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TV Review – Snowpiercer: First, the Weather Changed & Prepare to Brace

TL;DR – This an okay start, but nothing really captured me with the opening episodes.

Score – 3.5 out of 5 stars

Snowpiercer: First, the Weather Change & Prepare to Brace. Image Credit: Netflix.

Review

A couple of years ago, there was this truly fascinating film from Korean filmmaker Bong Joon Ho who would go on write/direct last year’s Oscar winner Parasite. I found the film to be fascinating right up until that ending which I am still going back and forth on. So when I heard they were going make a TV show out of it I was intrigued how they would pull it off, the setting is there, but is the story?   

So to set the scene, as the world started to crash as global warming and sea levels swamped the coasts. To fix this the world’s scientist had a plan to cool the world down … and they went too far. The world was freezing over and one man had a solution, Mr Wilford who built a 1001 car train for the world’s rich. However, as it was about to take off on its never-ending journey across the world those who could not afford it boarded the train in the last-ditch effort to save themselves from the coming death. Six years later, those who made it on still live in the tail, living off meagre food bars, trying to find the right time to rebel. They are ready to make their move when their leader Layton (Daveed Diggs), is taken by the hospitality team led by Melanie (Jennifer Connelly) because he is the only homicide detective left on the train and someone just got murdered. Now from here, we will be looking at the episode as a whole, so there will be some [SPOILERS] ahead.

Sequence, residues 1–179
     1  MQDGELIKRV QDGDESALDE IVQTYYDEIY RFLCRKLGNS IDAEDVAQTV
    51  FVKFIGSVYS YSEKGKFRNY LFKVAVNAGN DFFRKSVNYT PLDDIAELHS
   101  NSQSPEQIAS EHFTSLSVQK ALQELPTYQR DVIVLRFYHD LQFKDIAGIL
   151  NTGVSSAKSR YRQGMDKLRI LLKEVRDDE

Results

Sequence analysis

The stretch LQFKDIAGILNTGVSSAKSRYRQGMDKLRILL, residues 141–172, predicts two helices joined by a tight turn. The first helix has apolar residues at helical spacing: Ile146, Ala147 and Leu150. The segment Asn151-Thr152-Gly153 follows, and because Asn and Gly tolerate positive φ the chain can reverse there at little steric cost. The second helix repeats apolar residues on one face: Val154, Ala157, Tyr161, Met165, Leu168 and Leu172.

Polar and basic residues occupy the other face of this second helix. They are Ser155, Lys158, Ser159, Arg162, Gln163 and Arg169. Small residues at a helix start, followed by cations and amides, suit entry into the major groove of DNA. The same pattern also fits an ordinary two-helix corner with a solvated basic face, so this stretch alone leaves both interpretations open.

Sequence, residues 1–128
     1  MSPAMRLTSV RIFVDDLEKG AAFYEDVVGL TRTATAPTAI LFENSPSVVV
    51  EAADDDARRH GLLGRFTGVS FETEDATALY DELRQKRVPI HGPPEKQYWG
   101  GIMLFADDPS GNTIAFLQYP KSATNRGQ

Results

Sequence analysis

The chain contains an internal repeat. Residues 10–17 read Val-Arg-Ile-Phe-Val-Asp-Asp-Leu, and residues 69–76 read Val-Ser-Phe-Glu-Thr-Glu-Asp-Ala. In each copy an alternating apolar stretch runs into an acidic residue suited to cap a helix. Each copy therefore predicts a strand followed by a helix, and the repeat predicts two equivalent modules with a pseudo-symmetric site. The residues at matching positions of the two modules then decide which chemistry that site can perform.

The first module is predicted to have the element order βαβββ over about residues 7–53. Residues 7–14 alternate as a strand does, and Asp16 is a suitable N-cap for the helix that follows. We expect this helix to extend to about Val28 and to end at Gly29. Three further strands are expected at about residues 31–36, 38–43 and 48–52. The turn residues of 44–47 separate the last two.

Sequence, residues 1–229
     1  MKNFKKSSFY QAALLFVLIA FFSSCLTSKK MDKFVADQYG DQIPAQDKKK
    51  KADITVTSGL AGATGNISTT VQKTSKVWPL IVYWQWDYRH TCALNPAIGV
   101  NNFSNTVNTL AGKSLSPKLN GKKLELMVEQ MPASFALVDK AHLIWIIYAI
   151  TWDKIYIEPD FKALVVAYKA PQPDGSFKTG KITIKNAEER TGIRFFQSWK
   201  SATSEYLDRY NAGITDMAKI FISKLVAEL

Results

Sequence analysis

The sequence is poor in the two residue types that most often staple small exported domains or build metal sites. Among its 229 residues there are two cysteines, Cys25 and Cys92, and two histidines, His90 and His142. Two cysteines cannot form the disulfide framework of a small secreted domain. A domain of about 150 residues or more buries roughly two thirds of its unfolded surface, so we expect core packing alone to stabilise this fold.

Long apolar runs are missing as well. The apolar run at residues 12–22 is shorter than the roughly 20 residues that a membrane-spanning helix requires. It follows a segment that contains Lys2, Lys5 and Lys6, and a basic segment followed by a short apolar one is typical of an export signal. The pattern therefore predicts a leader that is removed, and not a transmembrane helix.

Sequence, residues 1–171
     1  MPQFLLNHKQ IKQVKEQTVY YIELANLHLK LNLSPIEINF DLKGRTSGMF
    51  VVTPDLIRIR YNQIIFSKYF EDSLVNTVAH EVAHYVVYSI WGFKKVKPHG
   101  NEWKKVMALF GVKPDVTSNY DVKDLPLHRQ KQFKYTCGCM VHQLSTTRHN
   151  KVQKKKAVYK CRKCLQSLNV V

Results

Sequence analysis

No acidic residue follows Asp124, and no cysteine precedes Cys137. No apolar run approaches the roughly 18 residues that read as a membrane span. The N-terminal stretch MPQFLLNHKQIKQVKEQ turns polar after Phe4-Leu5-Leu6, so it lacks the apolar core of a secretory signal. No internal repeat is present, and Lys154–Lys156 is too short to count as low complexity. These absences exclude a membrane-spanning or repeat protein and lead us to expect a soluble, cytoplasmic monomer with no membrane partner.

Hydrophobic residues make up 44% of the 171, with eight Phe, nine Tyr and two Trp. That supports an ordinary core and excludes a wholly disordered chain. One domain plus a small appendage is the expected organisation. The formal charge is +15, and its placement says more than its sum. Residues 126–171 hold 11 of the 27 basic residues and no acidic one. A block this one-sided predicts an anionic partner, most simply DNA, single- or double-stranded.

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TV Review – The Last Kids on Earth: Book 1

TL;DR – This is an interesting take on the End-Of-The-World genre

Score – 4 out of 5 stars

The Last Kids on Earth. Image Credit: Netflix.

Review

When I say to you Zombie Apocalypse, I think for many people the first thing you would do is suppress a sigh. As a genre, it has been used multiple times and these days one could say that it has been done to death as long as they immediately followed it up immediately with ‘pun not attended’. However, every now and again, a new show will use the setting to explore something new and today we get to look at just such a show.